Last weekend, Pitchfork published a piece in which multiple women accused Arcade Fire frontman Win Butler of sexual misconduct.
Via Pitchfork: “Three women made allegations of sexual interactions with Butler that they came to feel were inappropriate given the gaps in age, power dynamics and context in which they occurred … A fourth person, who is gender-fluid and uses they/them pronouns, claims that Butler sexually assaulted them twice in 2015, when they were 21 and he was 34.” In the piece, Butler, who is married, sent a statement arguing that the relationships were “consensual” but that he is “very sorry to anyone who I have hurt with my behavior.”
In times like this, when an artist is hit with terrible allegations, there is always a contingent of people who respond by noting that they were never fans. “I never liked them anyway,” someone might say about Arcade Fire. “Feeling justified that I never wasted any time on the band,” another might argue. It’s the lowest form of engaging with a tragic story.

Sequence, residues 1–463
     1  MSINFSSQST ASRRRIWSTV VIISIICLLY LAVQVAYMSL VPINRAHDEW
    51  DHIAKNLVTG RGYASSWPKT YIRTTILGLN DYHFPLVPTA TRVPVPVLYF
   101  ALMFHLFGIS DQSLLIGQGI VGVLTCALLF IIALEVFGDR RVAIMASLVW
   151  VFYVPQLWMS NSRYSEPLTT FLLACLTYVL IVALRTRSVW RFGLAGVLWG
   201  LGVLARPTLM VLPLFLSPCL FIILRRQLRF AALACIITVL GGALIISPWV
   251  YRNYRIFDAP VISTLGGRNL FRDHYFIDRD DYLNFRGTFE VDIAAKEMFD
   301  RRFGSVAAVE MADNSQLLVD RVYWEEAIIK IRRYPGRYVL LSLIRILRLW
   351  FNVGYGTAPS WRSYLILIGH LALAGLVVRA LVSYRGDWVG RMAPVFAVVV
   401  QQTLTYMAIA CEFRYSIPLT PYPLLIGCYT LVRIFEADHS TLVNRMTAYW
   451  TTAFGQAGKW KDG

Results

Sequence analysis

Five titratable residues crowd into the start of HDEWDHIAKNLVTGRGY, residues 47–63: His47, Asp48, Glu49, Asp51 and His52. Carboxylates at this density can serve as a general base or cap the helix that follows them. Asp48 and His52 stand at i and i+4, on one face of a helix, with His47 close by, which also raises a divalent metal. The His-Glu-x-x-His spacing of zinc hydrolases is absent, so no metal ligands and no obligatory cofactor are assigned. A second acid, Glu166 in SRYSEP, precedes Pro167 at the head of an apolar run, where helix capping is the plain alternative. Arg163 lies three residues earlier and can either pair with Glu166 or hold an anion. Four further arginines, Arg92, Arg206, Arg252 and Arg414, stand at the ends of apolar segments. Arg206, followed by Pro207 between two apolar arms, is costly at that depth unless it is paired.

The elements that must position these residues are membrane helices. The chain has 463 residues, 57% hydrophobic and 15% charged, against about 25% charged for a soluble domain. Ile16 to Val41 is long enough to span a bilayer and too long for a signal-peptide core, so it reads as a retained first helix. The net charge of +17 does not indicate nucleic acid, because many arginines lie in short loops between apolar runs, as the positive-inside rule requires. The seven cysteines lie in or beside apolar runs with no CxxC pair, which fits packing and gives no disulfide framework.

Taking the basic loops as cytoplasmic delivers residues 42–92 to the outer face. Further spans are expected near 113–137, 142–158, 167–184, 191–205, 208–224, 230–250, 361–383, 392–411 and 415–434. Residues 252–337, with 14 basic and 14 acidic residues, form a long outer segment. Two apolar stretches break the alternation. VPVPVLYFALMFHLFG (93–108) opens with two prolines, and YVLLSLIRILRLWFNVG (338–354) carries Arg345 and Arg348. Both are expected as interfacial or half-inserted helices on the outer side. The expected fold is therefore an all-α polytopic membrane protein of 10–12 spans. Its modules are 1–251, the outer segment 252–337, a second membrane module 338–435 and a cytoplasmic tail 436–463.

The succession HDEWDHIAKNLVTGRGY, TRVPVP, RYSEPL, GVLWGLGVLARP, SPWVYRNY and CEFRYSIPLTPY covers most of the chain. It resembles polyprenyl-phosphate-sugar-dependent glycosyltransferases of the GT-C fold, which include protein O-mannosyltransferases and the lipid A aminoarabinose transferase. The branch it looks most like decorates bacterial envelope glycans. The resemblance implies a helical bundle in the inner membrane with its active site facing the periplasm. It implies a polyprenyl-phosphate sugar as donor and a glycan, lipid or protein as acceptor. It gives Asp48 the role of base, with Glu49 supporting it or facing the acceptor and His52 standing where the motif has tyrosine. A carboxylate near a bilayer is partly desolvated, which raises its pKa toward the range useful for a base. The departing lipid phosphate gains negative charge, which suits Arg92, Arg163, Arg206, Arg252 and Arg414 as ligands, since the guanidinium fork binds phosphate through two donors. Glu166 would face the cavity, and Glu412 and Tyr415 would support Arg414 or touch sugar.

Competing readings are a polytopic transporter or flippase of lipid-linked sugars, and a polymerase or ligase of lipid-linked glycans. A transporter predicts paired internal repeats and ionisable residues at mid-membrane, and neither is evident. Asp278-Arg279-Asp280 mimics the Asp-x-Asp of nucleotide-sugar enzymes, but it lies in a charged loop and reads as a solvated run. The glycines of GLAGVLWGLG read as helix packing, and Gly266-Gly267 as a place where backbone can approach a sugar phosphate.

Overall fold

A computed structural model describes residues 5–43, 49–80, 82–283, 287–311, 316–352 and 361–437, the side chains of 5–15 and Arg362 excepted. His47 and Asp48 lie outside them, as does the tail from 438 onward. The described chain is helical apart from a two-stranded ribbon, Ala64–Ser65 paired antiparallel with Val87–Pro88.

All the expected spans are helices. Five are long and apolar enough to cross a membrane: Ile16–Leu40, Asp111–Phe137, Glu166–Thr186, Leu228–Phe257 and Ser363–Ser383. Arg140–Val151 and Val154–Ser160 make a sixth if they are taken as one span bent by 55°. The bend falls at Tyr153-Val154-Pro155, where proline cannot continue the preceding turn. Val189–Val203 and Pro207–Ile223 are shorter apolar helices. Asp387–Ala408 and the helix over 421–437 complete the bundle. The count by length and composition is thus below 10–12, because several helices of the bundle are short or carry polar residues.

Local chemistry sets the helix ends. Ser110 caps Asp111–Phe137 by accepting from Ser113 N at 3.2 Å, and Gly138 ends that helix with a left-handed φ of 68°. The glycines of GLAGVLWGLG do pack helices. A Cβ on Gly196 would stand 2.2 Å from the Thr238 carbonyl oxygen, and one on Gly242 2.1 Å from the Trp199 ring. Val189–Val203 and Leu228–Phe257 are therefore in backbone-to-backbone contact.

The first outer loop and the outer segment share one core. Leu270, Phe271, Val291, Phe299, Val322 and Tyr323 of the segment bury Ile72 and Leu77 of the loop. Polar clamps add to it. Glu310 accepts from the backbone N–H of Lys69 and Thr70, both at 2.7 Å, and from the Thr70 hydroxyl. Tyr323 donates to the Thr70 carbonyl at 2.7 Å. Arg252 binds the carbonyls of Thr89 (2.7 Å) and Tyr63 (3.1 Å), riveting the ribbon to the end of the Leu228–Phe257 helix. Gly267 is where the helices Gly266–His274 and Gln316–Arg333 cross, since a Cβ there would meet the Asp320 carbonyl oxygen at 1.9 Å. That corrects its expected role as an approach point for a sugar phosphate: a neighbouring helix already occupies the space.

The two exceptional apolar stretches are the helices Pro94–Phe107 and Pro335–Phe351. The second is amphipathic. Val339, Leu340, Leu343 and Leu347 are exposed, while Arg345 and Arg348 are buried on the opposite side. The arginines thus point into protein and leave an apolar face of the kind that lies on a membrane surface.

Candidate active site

Yes, tell us more about you, the protagonist of the universe, who successfully avoided liking a band. “Sorry to those hurt by this news but I never liked them because I’m different” is emphatically not the flex you think it is. In fact, it’s incredibly hurtful and dismissive to the actual center of this story: the people who Butler hurt, all of whom told Pitchfork that they were fans of the band. You’re not better than them just because you happen to like different music.
This happens in every genre, any time someone’s ugly deeds are brought to the life. A strange impulse arises to distance yourself from the people who are actually surprised and upset by the news, proving that you’re somehow more enlightened because — for purely aesthetic reasons — you never got on board a train that everyone else is dismounting. You not liking Arcade Fire couldn’t have less to do with the actual victims of this story, but it’s a great way of putting yourself at the center of it in your own head.
But if you’ll take a step back, you’ll see all you’re doing is removing yourself from the narrative altogether, absolving yourself of having to feel anything about it or engage with it at all. That’s your prerogative, but don’t turn it into a heroic act.
Tyler Huckabee is RELEVANT's senior editor. He lives in Nashville with his wife, dog and Twitter account.